They

will then learn something of the nature of the two

great financial conspiracies, the first, in which, by

wrecking our financial system (and for which purpose branches of the three greatest German

Banks were originally established in London) the

Germans hoped to keep England neutral, and the

second now being planned by Cosmopolitan Financiers, which is for the; purpose of doubling

the values of the great War Loans at the expense

of

the

British taxpayers as soon as peace is

declared !

PREFACE

xiii

I desire to express my thanks and indebtedness

to Mr. Harold A. Grimshaw, B.A., (B.Sc.Econ.,) of

the London School of Economics, for reading the

proof of this work and for having made some

valuable suggestions and criticisms.

To Mr. Grimshaw I am entirely indebted for

the diagrams in Chapter VI, showing the variations

in the purchasing power of gold, and their effect on the conditions of bankruptcy, which he both

suggested and prepared.

My object

in

Islands "

Money

writing the story of the " No-

(Chapter XV of this book) was

merely to illustrate the practical utility of an in-

variable unit of value. The monetary and banking

systems mentioned in that story, were first sug-

gested by me in 1894, in my first work on finance,

already mentioned. Although this unit and the

systems described were, so far as I was then aware, entirely novel and original, the well-known

American Economist, Mr. M. C. Walsh, pointed

out in a letter to me a few years ago, that these

ideas bore a likeness to those expressed by Lowe

in 1822, and G. Poulett Scrope a few years later.

I have not been able to obtain copies of either

Lowe's or Scrope's pamphlet, and from the rather

short and vague descriptions given by the few

modern writers who mention them, I am unable

to find any near resemblance.

My suggestions for establishing and main- taining an invariable unit, as herein described, as

well as those contained in my former works, I

Certainly, I have

never seen any reference to any similar ideas or

believe to be quite original.

xiv

PREFACE

methods in any of the hundreds of books I have

read on this branch of Economics.

Nevertheless,

it would be a great satisfaction to me to learn

that other and far abler minds than mine, had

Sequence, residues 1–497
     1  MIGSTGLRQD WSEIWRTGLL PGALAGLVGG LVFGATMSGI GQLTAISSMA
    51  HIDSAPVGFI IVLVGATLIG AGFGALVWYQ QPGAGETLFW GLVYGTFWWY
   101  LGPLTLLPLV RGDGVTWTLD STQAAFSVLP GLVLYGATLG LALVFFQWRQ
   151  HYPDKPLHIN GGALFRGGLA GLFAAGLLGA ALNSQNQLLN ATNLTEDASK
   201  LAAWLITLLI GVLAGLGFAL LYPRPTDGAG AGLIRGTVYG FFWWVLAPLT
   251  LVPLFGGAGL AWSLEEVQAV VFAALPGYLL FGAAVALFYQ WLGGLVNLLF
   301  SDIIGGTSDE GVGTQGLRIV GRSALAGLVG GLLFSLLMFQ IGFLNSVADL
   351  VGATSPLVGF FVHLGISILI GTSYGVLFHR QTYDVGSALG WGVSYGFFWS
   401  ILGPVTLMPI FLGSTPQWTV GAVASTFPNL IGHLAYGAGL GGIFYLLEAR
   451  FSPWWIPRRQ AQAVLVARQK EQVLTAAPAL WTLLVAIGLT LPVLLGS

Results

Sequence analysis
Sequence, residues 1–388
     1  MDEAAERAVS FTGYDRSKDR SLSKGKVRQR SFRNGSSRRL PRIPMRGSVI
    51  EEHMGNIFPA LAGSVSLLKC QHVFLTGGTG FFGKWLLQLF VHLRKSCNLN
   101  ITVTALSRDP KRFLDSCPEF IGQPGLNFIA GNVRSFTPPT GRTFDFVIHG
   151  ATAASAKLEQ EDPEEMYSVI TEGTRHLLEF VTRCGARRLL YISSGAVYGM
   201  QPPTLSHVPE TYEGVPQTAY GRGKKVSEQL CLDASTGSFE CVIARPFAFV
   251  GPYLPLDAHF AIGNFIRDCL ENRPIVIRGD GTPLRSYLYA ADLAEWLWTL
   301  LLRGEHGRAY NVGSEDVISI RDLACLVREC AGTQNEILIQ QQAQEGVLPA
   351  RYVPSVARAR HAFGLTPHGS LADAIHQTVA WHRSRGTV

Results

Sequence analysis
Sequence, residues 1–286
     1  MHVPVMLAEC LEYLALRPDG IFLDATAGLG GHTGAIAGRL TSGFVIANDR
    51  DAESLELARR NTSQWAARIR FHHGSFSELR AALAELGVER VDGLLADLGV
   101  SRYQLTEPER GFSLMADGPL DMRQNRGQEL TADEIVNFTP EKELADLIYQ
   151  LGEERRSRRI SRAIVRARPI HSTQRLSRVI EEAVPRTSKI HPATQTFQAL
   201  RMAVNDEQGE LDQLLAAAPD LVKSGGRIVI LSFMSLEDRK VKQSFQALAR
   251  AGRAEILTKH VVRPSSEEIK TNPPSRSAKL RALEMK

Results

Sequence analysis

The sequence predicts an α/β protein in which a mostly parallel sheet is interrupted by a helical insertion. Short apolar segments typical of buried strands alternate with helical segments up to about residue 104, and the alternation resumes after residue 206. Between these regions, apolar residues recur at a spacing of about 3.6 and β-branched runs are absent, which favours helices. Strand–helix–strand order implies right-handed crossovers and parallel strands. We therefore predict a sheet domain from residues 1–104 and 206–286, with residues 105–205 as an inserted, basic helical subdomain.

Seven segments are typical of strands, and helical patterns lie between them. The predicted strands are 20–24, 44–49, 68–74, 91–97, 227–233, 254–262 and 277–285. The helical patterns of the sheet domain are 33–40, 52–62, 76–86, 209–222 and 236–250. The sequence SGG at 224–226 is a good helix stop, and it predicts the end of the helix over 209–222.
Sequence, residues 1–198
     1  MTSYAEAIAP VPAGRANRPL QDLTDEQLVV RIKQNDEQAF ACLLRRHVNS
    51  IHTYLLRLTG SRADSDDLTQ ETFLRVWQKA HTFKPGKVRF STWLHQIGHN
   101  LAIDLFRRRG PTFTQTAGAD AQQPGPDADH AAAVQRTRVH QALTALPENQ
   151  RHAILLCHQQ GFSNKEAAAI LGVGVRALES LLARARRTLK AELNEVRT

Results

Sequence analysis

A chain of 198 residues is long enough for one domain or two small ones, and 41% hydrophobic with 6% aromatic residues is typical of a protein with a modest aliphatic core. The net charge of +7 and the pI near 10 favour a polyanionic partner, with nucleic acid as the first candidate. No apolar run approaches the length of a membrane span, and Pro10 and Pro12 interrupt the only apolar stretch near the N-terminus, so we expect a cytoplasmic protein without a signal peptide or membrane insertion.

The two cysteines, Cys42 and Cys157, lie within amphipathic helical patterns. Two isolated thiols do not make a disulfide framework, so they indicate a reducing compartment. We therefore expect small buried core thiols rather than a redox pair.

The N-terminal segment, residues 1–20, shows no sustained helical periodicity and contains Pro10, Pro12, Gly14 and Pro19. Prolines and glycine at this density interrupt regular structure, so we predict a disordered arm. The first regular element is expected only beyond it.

discovered the same solutions to problems that

have puzzled the brains of thousands of the world's greatest thinkers for centuries.

Stamford, Lincs,

October, 1917.

ARTHUR KITSON.

CONTENTS

Chap.

Page

 

Preface

v

I

Introduction and a Warning

i

II

The Great Crisis

26

III

The War Loan and the Pound .

5i

IV Exchange -Value and its Expression .

V What Determines the Values

modities ?

VI The Variability of Gold

.

of

Com

VII The Great Peel Fallacy .

VIII The Functions of Money IX An Invariable Monetary Unit .

.

X Money Supply and Inflation XI The People's Credit

XII How the War might have been Financed

XIII Free Trade and the Gold Standard .

XIV Summary XV The No-Money Islands

xv

65

74

83

87

10 1

126

143

162

173

182

197

219

CHAPTER I

INTRODUCTION AND A WARNING

The basis upon which all our industries, trade,

and

commerce are conducted, is

the legally

established "standard of

the golden sovereign

posed to "

or "

value/' represented by

pound,"

which is

sup-

measure " the values of all labour

products.

As

will hereinafter be shown, this " standard "

is founded upon a most egregious fallacy, and

although it occupies a position in the domain of

trade of similar importance to that of the stan-

and capacity in the

dards

of length, weight

manufacturing and industrial world, unlike them,

it is extremely variable, and purposely made so by the great financiers of this and foreign countries,

who are able to juggle with prices to an almost

unlimited extent, and by so doing reap enormous

fortunes from the producing classes.

placed the fortunes of all engaged in trade and

industry, wholly at the mercy of the world's money

of the

It

has

dealers.

These men exercise, by means

legal privileges accorded to gold and the banking-